| 24 April 2024, Wednesday |

Death toll in Turkey-Syria earthquake soars to 4,300, more casualties feared

With the expectation of an increase in the figures, at least 4,300 people have been killed and thousands of buildings reduced to rubble after a devastating earthquake of 7.8-magnitude struck Turkey and Syria, even as rescuers try to look for survivors.

According to Turkey’s Disaster and Emergency Management Authority (AFAD), at least 2,921 people were confirmed dead, while the Syrian government reported 1,444 casualties. Thousands more were injured, with the death toll expected to rise.

United Nations has predicted that the death toll could increase to more than 20,000 from one of the most powerful earthquakes to hit the region in at least a century, reports Guardian.

Several nations have pledged aid after the 7.8-magnitude quake, which hit as people were still sleeping and amid freezing weather that has hampered emergency efforts.

Thousands of multi-storey apartment buildings turned to rubble in Turkey, while Syria announced dozens of collapses, as well as damage to archaeological sites in Aleppo.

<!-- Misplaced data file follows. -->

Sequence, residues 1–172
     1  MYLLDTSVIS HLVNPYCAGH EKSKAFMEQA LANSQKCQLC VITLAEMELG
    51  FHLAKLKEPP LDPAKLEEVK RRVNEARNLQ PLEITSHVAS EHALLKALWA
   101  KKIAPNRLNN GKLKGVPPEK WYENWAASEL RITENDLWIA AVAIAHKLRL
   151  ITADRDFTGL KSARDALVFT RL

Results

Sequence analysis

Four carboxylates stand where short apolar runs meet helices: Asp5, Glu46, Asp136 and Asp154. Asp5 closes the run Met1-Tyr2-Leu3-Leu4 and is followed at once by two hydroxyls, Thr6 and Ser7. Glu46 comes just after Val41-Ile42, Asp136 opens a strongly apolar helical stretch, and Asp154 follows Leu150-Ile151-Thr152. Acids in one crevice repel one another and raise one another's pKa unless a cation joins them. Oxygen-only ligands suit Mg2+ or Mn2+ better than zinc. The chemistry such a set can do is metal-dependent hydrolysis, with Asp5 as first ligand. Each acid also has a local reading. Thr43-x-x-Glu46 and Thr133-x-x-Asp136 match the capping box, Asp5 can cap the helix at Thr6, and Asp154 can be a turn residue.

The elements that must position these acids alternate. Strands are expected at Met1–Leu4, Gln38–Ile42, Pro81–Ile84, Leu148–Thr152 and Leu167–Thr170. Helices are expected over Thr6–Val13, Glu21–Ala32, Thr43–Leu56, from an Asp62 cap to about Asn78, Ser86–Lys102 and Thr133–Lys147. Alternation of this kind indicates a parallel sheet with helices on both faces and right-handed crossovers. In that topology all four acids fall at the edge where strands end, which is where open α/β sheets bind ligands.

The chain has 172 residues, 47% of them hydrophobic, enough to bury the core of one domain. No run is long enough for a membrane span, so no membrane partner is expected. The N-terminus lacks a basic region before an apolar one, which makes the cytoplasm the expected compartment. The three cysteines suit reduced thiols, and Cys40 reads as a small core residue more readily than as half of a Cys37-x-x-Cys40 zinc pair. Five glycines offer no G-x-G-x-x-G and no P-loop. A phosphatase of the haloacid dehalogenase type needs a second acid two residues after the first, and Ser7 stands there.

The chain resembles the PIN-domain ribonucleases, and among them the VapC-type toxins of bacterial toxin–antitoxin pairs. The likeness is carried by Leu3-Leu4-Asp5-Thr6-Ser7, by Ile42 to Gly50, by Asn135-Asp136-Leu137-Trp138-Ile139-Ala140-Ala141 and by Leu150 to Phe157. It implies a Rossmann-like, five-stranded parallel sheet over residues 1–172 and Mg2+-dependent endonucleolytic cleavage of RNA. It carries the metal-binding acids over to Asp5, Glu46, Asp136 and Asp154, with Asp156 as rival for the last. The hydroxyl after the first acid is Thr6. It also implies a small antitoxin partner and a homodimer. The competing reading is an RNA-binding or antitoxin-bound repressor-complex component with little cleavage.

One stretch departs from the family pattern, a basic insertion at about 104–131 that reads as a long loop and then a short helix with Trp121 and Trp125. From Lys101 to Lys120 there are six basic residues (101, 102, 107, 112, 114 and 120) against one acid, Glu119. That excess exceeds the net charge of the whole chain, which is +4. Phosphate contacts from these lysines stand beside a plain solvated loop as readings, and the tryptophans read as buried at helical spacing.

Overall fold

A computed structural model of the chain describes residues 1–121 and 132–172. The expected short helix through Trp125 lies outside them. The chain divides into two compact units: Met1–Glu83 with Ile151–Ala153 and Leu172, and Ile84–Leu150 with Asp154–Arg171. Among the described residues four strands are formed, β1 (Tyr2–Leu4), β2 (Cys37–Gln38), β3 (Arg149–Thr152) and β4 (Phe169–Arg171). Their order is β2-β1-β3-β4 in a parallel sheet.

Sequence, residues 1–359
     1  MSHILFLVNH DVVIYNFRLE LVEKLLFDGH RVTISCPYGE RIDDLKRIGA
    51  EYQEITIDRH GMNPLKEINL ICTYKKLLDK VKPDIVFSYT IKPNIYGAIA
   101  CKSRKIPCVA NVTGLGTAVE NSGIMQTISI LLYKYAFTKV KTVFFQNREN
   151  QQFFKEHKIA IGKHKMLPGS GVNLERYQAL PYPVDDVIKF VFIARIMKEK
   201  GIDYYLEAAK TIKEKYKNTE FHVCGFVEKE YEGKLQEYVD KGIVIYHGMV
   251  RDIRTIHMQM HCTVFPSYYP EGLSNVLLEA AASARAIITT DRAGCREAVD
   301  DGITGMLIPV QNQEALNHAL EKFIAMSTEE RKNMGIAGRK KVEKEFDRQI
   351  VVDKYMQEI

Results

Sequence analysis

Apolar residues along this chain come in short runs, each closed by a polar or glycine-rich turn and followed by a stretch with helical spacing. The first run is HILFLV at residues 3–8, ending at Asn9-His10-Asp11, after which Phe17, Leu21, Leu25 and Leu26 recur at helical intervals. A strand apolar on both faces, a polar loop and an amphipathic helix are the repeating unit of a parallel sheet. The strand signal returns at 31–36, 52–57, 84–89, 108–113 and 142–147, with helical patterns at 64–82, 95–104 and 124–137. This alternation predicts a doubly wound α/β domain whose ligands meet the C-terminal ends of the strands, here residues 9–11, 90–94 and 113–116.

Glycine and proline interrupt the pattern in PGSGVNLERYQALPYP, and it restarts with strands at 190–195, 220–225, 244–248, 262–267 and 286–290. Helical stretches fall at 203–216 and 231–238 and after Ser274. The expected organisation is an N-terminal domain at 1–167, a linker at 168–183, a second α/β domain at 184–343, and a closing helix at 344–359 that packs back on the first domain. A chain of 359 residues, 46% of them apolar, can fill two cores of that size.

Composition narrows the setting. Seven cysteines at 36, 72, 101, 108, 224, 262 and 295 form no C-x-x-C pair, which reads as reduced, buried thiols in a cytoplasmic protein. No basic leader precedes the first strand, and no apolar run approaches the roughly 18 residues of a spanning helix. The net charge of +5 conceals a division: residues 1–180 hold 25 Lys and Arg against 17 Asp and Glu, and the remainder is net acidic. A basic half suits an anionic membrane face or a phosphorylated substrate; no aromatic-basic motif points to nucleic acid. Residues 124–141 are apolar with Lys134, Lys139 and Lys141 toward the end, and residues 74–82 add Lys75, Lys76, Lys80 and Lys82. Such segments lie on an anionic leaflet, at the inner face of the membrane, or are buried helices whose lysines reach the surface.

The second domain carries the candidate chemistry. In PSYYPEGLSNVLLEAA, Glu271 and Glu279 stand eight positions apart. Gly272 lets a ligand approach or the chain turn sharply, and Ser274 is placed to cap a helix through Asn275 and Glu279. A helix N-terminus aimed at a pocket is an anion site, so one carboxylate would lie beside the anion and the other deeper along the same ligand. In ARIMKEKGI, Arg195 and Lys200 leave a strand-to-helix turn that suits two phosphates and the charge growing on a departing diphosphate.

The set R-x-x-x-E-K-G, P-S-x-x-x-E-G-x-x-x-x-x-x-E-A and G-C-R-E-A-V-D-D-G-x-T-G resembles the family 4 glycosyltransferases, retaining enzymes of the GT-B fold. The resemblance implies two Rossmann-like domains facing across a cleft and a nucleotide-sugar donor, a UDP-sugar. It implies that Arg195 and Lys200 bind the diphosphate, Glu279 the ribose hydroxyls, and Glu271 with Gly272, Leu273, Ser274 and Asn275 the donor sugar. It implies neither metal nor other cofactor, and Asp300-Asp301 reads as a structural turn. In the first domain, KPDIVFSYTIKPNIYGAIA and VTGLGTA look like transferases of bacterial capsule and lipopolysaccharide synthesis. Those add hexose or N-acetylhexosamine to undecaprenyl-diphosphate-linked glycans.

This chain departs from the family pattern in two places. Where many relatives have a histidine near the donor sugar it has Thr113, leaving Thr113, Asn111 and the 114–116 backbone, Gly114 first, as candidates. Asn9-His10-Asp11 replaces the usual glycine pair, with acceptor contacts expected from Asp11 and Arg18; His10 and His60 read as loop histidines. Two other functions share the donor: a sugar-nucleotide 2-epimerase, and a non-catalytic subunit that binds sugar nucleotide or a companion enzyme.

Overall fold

In Turkey alone, more than 5,600 buildings were destroyed, authorities said. Hospitals were damaged, and one collapsed in the city of Iskenderun, according to AP news agency.

Planes carrying aid shipments from Iraq and Iran arrived at Damascus International Airport, Syrian state media SANA reported.

Turkey, Syria earthquakes: Over 2000 dead, 3000 buildings collpase, neighbourhoods vanish
On Monday, the Iranian aid arrived, while the Iraqi aid was delivered early Tuesday morning (local time), SANA reported.

According to an official at the Iraqi Ministry of Foreign Affairs, Mahdi Ghanem, each plane carried about 70 tons of food, medical supplies, blankets and necessary supplies.

Iran’s Foreign Minister Hossein Amir-Abdollahian told Syrian Foreign Minister Faisal Mekdad he would dispatch humanitarian aid to the area, Iranian state media IRNA reported.
More than 7,800 people were rescued across 10 provinces, according to Orhan Tatar, an official with Turkey’s disaster management authority.
On Monday, the US Geological Survey recorded the quake at 7.8, with a depth of 18 kilometers (11 miles). Hours later, another 7.5 magnitude temor, likely triggered by the first, struck more than 100 kilometers (60 miles) away.

Turkey— world’s most active earthquake zones
Turkey is considered one of the world’s most active earthquake zones. The region sits on top of major fault lines and is frequently shaken by earthquakes.

The last time the country recorded massive 7.8-magnitude tremor was in 1939, when 33,000 died in the eastern Erzincan province.

The Turkish region of Duzce suffered a 7.4-magnitude earthquake in 1999, when more than 17,000 people died.

Experts have long warned a large quake could devastate Istanbul, a megalopolis of 16 million people filled with rickety homes.

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